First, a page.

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Tax Office Accepts Blame for Homestead Errors

District of Columbia tax officials, citing a clerical error, accepted responsibility for several House lawmakers improperly receiving a property tax break intended for city residents, but said Members will still be required to pay back taxes.

A Roll Call search of D.C. property tax records last week uncovered a handful of House Members who were improperly enrolled in the D.C. homestead program, which can shave hundreds of dollars a year off tax bills and limits annual increases.

“Although you never applied for the benefit or the tax cap, the Office of Tax and Revenue (OTR) applied the deduction to the property when the deed was recorded. Occasionally, these deductions are carried forward, even with ownership changes, due to the former owner having received such deductions,— the tax office letter states, copies of which were issued to Reps. Mike Rogers (R-Ala.), Phil Gingrey (R-Ga.) and Steve King (R-Iowa) last week.

A fourth letter issued Friday to Rep. Tom Petri (R-Wis.) states that his Georgetown home has also “inadvertently— received the tax benefit and that he will be billed for back taxes.

Figures were not immediately available on how much each Member will be required to repay the District.

OTR spokeswoman Natalie Wilson said Thursday that the lawmakers will be required to pay property taxes on the full assessment value of their respective homes.

Under the District’s homestead program, a taxpayer who owns a home in the city and uses it as the principal residence receives a reduction of $67,500 on its assessed value, or a savings of $573.75 off the 2009 tax bill.

In addition, properties that qualify for the homestead deduction are also protected from considerable jumps in assessed value. The District caps those increases at 10 percent above the previous year’s tax assessment.

According to D.C. tax records, Rogers’ three-bedroom home is currently valued at $679,920 for tax purposes but assessed at $747,420; King’s one-bedroom condominium is currently taxed at $308,000 but assessed at $388,000; and Gingrey’s three-bedroom home is currently taxed at $637,000 but assessed at $705,000.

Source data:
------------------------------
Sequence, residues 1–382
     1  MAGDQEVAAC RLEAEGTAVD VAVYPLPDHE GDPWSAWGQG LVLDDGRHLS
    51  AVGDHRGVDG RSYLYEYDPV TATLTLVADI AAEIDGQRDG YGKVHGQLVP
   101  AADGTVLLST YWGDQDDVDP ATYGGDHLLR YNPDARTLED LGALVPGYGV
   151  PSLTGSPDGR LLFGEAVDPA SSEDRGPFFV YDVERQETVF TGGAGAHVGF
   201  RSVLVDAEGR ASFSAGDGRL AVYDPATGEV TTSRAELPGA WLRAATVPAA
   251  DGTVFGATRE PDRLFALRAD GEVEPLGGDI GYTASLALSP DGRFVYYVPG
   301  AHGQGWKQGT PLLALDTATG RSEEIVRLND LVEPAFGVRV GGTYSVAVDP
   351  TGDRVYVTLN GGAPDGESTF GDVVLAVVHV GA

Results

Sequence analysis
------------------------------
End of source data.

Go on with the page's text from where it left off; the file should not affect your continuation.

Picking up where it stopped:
When contacted by Roll Call about their tax status last week, three of the lawmakers — Rogers, Gingrey and King — attributed the tax break to an error by the District.

A Petri aide said the Wisconsin lawmaker’s home received the tax break via his wife, Anne Neal. Neal files income taxes in the District, according to Petri’s office.

Under D.C. property tax laws, spouses of Members are eligible to claim the homestead deduction, even if the property is co-owned by the lawmaker.

According to a public memorandum explaining the homestead program, factors such as income taxes may be considered, but above all else, a spouse must be registered to vote in the District to qualify for the tax break.

The voter registration requirement was added to the homestead program in 2002, more than 15 years after Petri purchased his home.

“The property was entitled to the benefit when it was purchased in 1986,— the March 27 letter to Petri from Deputy Chief Financial Officer Steppen Cordi states. “However, OTR failed to remove the benefit when the qualifications changed, which required that the owner’s principal place of residence, domiciliary and voter registration must be in the District of Columbia.—

Neal, who is also known as Dede Petri, is registered to vote as Anne Petri in Fond du Lac, Wis., according to the Wisconsin Government Accountability Board Elections Division.

D.C. tax records show Petri’s home is assessed at $2.9 million but has a tax value less than half of the assessment: $1.4 million.

Real Property Tax Administration Director Richie McKeithen said Thursday that the city, which no longer automatically confers homestead status to property owners, has upgraded its review process for the tax benefit.

“You actually have to apply [for the homestead deduction] every time a property transfers,— McKeithen explained.

In addition, the tax office plans to create a computerized database for the homestead program, which will cross-reference voter registrations and Department of Motor Vehicles records that help to determine residency.

In the meantime, McKeithen noted that residents also receive a tri-annual reminder about their tax status, which is listed on both biannual tax bills and a yearly assessment update.

“We have it on the bill and the assessment notices now,— McKeithen said. Those notices include not only a statement indicating that a property owner is receiving the homestead deduction, but also a detailed account of the tax discount.

“Those are things that are somewhat hard to ignore,— McKeithen said.

Although the tax office does not conduct targeted reviews of Member property tax records — which are often listed under a spouse’s or other relative’s name — Wilson said the D.C. government has focused on other options, including providing detailed property tax guidelines to incoming Members.

That document includes numerous examples on the homestead program, including scenarios in which a Member, Congressional aides or their families may or may not qualify for the tax break.

“It’s such a transient community, we would like to reach out to the Members of Congress to inform them and educate them on the guidelines,— Wilson said.

Roll Call’s review of D.C. property tax records indicate more than 100 House and Senate lawmakers own homes in the District.

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